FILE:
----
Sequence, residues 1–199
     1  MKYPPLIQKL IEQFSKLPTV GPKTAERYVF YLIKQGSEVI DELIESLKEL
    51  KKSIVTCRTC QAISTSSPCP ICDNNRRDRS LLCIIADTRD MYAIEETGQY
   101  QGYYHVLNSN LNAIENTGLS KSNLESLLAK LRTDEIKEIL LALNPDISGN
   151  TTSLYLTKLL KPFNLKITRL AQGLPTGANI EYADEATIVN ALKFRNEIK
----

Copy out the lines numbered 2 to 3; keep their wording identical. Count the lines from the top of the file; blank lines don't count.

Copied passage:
     1  MKYPPLIQKL IEQFSKLPTV GPKTAERYVF YLIKQGSEVI DELIESLKEL
    51  KKSIVTCRTC QAISTSSPCP ICDNNRRDRS LLCIIADTRD MYAIEETGQY